February 7, 1812 is the birthday of Charles Dickens. Like Frances Rolleston, Dickens did what he could to bring the plight of the poor and abused to the public eye.
Dickens was in his thirties when he is first mentioned in Frances' surviving letters. She recommended his novel, Barnaby Rudge, to a young mother seeking reading material for her son. The novel is set during the anti-Catholic Gordon riots of 1780. (Here is how the Gordon riots directly affected Frances' parents.)
In recommending the novel, Frances wrote: "Dickens is excellent; 'Barnaby Rudge' incomparable."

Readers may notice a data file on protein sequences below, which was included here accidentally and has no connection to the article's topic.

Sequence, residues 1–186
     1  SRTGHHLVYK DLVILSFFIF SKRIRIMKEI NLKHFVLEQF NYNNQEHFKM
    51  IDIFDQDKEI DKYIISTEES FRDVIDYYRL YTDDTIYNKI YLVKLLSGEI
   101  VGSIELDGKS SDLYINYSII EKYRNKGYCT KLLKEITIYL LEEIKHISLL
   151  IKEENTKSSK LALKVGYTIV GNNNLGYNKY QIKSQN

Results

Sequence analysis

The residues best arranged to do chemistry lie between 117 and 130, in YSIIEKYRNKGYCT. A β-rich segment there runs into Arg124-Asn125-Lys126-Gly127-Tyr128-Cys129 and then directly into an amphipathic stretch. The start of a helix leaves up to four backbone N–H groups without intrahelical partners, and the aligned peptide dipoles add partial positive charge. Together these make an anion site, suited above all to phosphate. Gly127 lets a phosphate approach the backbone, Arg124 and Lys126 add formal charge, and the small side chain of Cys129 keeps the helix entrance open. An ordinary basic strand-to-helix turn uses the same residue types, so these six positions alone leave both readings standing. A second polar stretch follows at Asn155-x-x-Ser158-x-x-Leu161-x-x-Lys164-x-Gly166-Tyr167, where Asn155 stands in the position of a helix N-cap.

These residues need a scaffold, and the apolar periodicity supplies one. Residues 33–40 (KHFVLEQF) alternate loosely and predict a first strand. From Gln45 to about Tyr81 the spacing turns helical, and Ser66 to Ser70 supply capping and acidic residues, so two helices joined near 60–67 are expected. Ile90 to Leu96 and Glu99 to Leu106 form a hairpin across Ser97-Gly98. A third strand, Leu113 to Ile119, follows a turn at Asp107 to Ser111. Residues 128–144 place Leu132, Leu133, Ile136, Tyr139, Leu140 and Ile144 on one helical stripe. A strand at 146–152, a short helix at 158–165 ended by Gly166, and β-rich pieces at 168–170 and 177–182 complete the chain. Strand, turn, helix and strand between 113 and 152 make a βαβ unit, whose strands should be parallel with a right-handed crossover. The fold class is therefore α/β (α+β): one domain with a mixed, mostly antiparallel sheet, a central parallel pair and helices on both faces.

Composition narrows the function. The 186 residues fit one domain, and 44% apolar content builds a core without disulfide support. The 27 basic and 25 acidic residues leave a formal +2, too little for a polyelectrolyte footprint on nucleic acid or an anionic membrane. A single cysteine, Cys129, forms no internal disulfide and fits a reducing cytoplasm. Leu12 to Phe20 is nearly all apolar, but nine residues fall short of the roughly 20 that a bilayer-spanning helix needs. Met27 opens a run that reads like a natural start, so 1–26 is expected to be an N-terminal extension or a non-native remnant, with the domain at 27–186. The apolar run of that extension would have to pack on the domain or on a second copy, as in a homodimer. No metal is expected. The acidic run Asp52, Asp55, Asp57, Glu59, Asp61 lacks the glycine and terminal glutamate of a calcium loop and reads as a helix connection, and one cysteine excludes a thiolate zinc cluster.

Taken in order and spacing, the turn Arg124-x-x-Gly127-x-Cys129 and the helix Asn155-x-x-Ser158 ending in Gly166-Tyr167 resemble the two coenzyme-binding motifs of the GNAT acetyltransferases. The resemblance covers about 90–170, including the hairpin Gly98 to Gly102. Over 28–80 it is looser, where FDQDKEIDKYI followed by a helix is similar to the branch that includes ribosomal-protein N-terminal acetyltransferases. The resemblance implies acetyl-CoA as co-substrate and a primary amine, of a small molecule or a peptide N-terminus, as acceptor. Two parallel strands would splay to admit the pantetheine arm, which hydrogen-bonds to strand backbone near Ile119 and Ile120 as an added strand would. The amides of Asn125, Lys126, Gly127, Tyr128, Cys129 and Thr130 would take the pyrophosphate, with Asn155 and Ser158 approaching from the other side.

She also expressed an interesting opinion at the same time that "Love stories, which are not good for girls, are very good for boys." (I will leave it to the reader to figure out her reasoning and either agree or disagree with it.)
For her personal reading, however, Frances seems to have lost her taste for Dickens, for eight years after recommending Barnaby Rudge, she wrote, "'Little Dorrit' disgusts me." Since Dickens published Little Dorrit in serial form between 1855 and 1857, Frances was reading it as a serial. Could that have influenced her reception of it? Perhaps she changed her mind later on.